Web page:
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Theoretical Foundation for the Inverse Power Law Distribution

Victor Aguilar

posted on 20 December 2013

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It has come to my attention that a solution to the puzzle of why large fluctuations in prices have an inverse power law distribution goes unanswered.  This is an easy corollary to the principal result of my 1999 book, Axiomatic Theory of Economics, Theorem 12, the Law of Price Adjustment, summarized in this paper.

 

My theory describes a single instant in time.  Of course, instants have the habit of following one another, eventually forming something called history.  So it is natural to inquire, not just what the price is at a given instant, but what the distribution of price changes is over history.  This I did not do in 1999.

 

Addressing this issue requires an additional axiom: the parameter called importance, μ, must have an exponential distribution, λe-λμ.  Specifically, the inverse cubic law requires that the underlying distribution be 2e-2μ.

 

In point of fact, the only restriction that I placed on μ is that it be a non-negative real number.  But negative monotonic distributions with this support and moments of all orders are not that numerous.  Why not the exponential?  The fact that an exponential distribution of μ implies an inverse power law distribution of large price fluctuations is motivation enough for most economists to accept this new axiom, and my other results require only that the distribution of μ be negative monotonic on [0,∞).

Discussion

Brian Lucey’s creative editing

 

I submitted this paper to the International Review of Financial Analysis.  Editor Brian Lucey rejected my paper on the basis of pulling a phrase out of the middle of a sentence and capitalizing the first word to make it look like he was quoting a complete sentence.  How clever!

 

Here I quote Mr. Lucey verbatim with his own comments in square brackets, just as they appeared in his rejection letter, and displaying his characteristic style of writing questions without question marks:

 

“People never need more than one of anything at a time. [What does this mean.  There are many counter examples, especially investments.]”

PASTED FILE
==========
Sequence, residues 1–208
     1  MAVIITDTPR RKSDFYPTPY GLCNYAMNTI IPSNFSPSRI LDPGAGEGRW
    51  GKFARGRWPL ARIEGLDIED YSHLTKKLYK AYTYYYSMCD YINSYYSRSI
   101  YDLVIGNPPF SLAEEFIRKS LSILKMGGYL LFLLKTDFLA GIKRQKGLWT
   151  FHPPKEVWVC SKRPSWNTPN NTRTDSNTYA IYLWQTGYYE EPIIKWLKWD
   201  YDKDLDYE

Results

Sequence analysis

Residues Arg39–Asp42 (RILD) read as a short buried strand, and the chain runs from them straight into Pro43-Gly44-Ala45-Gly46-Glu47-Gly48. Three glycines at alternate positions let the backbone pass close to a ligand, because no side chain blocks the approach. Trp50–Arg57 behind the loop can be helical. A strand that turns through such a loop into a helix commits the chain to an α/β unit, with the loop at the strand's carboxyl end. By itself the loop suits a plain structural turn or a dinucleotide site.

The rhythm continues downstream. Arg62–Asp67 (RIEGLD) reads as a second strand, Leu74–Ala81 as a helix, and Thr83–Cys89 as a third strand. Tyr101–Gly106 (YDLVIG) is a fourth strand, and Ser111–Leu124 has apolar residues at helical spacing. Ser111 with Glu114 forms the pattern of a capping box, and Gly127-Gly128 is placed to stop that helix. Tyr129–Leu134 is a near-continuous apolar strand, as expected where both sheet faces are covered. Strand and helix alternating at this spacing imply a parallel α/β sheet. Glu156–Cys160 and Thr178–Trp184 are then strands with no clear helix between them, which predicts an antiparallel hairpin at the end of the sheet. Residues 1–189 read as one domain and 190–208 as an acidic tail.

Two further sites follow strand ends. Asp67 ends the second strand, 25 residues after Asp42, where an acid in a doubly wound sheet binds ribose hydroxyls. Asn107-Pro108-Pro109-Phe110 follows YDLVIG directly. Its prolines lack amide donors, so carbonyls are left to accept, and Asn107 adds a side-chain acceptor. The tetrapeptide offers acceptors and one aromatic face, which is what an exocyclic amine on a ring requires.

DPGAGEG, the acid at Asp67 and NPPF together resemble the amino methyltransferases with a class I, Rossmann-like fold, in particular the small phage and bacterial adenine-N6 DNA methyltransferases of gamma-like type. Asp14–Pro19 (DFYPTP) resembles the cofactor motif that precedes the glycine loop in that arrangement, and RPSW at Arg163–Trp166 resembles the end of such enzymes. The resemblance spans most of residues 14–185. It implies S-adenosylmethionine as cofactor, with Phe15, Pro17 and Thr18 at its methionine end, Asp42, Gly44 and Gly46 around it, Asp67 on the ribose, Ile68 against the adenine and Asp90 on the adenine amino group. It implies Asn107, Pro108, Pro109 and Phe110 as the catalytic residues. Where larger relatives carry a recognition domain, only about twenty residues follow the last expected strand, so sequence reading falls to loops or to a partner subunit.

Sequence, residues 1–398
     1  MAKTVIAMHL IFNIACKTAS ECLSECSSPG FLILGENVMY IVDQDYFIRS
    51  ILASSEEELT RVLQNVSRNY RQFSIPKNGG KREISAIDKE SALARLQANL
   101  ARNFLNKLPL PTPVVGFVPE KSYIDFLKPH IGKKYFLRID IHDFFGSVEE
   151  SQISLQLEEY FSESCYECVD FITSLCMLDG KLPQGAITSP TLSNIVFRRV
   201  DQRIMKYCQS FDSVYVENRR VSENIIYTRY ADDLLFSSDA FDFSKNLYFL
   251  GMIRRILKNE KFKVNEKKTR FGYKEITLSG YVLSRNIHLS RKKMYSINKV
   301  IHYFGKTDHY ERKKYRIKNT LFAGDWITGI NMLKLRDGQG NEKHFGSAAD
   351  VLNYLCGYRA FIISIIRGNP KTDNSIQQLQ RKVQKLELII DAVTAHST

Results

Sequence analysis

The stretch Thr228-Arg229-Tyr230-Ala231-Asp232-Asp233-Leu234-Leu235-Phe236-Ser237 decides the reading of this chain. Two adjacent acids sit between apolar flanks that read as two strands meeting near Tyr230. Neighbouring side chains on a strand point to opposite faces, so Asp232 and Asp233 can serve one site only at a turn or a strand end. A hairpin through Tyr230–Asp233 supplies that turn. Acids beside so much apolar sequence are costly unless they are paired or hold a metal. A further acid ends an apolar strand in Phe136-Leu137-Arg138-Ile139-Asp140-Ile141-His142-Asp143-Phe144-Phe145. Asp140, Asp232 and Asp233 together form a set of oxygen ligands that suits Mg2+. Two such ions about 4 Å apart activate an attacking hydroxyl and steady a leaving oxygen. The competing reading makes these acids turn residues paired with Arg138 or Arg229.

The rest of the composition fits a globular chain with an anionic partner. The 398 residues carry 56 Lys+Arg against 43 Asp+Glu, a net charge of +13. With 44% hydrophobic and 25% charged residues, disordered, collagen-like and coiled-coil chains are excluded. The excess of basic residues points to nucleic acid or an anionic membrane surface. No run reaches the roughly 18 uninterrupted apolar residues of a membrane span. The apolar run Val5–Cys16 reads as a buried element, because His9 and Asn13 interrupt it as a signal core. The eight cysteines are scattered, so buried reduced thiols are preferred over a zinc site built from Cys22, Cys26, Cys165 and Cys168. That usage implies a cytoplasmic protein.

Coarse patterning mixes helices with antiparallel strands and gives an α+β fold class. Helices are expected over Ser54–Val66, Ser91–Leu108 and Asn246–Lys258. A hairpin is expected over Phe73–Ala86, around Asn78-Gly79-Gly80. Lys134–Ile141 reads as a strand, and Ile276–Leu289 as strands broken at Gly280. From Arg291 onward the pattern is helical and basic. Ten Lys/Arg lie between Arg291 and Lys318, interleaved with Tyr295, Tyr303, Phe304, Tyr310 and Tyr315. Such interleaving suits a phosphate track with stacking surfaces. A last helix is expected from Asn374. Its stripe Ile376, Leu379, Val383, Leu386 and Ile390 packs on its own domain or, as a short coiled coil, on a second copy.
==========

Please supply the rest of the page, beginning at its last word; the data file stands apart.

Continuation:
Here I quote the passage in full:

 

“Most of the real analysis in Axiomatic Theory of Economics stems from the infinite summation, c(m).  To simplify the proofs in this article, the second axiom is replaced with the assertion that people never need more than one of anything at a time.  This assumption is neither accurate nor necessary, as all of the results of my theory can be (and are) proven in their full generality.  However, some economists do not have the mathematical background necessary to read Axiomatic Theory of Economics, so, for expository purposes, simplified proofs are provided here.”

 

It is amazing what a little creative editing can do!

 

In point of fact, my second axiom reads: 

 

“Diminishing utility is independent of first-unit demand, it is negative monotonic, and the integral from zero to infinity is finite.”

Brian Lucey smears me by pulling a phrase out of the middle of a sentence and capitalizing the first word to make it look like he was quoting a complete sentence.  But my paper has now been downloaded over 500 times, which proves that there are many people who wish to judge me based on what I actually wrote, not on the edited version that Brain Lucey is peddling.

 

How many copies of the special econophysics edition to the International Review of Financial Analysis has Brain Lucey sold in this time?  None.  He pocketed my $150 submission fee and then canceled the project after launching his smear campaign against me.  Thief!